This is the week I traditionally do three quarters of a lap of America with my bride as we visit my parents in downstate Illinois. It’s about a 4,500 mile driving trip.
I’ll grant that I’m easily irritated by stupid driver tricks performed in front of my vehicle when we’re driving at interstate speeds.
What I was unprepared for this year is such an obvious decline in the quality of those who sport Commercial Drivers Licenses and are in command of 18-wheel tractor-trailer rigs.
As bluntly as I can put this, the trucking industry had better wake up and smell the coffee before our nation’s highways become wall to wall train wrecks.
In the past two days, I have observed at close range the following:
1) A fully loaded 18-wheel rig pulling out to pass another one on a steep up-grade near Flagstaff and failing to make that pass for 11 miles while creating a line of 17 cars behind him.
They teach enough basic physics in high school for that driver to know that trying to speed up and pass another truck on an upgrade takes a massive amount of applied horsepower and if you don’t have it, it won’t magically appear.
2) In heavy fog, an 18-wheel rig driving at least 80-miles an hour (because he was passing me as I was driving 70) with visibility of maybe 400 feet.
They teach high school students never to out-drive your visibility. In other words, don’t drive faster than your ability to stop without hitting what is in front of you. If this clown had to jam on the brakes, he would have taken at least 1/4 of a mile to stop which, the last time I checked was much more road than the 400 feet he could see. (For the record, the four wheel discs on my Excursion would have done the trick.)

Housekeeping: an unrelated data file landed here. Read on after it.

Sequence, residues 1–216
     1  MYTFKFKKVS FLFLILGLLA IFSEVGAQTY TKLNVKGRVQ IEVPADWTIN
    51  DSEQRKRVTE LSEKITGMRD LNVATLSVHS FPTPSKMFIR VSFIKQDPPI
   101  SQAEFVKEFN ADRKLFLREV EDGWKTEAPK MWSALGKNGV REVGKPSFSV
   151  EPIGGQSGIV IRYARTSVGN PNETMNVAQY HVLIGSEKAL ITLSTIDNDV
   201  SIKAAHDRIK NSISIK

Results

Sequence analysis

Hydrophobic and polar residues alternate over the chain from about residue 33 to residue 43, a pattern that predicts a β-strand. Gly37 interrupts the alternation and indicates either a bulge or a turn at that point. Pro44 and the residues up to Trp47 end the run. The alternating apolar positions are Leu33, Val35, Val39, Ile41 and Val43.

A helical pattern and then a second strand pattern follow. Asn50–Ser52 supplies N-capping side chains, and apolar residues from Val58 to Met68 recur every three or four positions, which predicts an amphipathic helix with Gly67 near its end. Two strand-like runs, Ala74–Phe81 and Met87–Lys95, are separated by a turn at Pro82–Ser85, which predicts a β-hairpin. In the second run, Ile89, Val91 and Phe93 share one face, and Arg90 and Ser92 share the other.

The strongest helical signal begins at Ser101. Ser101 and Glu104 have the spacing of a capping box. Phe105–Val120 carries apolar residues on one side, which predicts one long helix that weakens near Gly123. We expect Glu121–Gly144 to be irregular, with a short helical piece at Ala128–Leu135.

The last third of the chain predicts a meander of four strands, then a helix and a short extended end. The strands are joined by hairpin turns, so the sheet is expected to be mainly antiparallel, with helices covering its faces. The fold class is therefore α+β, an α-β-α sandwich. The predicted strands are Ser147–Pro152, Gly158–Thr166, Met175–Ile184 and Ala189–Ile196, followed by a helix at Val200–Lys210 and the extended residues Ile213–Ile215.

3) Eight trucks (again, 18 wheel tractor-trailer rigs) which were clearly on the very thin edge of control.
The thin edge of control is a description of efficient stock car racing, not driving down Interstate 40. At the Las Vegas Motor Speedway, loose is fast. On Interstate 40, a tractor-trailer rig which is out of control is deadly. The fact is that in each of the eight instances, the trucks were going much too fast for their drivers to control them. It was obvious, because a trailer sliding back and forth between lanes is obvious.
4) Two rigs with only one headlight.
What can possibly be the excuse for that?
5) Two trucks obviously driving side by side on purpose to block the road.
How do we know? They exited the highway together. Formation flying is something done by the Thunderbirds, not by two trucks with Top Gun logos. (Really.)
The list could be a lot longer but we got so disgusted we stopped keeping track.
There are a lot of people who we can blame for this state of affairs, but we think that the industry should take the majority of the blame and, secondarily, law enforcement.
The fact is that most of the miscreant drivers we saw were driving vehicles with logos of major firms which leads us to believe that these guys are so desperate for drivers they’ll put almost anybody in charge of enough tonnage to kill a whole lot of people when used with a minimum level of stupidity.
Almost 37 years ago when I got my drivers license, I took great umbrage when an older friend told me that I probably wasn’t a very good driver and wouldn’t be for about 10 years. He explained to me that nothing makes a person into a good driver except mileage and it takes time to accumulate that mileage.
If that’s true for cars—and it is—I can guarantee that it is equally—if not more—the case for vehicles 10 times the size and weight of a car.
You cannot manufacture instant experience. A Commercial Drivers License does not confer the judgment which comes with lots of seat time. If the trucking industry doesn’t want a disaster on its hands of epic proportions, it had better find a way to teach their new drivers enough basic skills that they don’t kill themselves—and the rest of us—before they rack up enough miles to gain the advanced skills which they need for a long career.